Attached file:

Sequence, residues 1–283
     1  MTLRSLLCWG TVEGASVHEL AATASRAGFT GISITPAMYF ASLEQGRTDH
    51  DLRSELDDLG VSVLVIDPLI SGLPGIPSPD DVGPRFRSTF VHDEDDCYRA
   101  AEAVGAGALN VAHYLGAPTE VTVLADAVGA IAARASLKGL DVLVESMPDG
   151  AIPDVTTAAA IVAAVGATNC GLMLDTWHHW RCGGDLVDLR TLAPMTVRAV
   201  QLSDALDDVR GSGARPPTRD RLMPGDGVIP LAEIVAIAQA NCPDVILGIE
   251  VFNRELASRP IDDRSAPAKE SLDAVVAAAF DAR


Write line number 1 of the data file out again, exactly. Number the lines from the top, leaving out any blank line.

Sequence, residues 1–283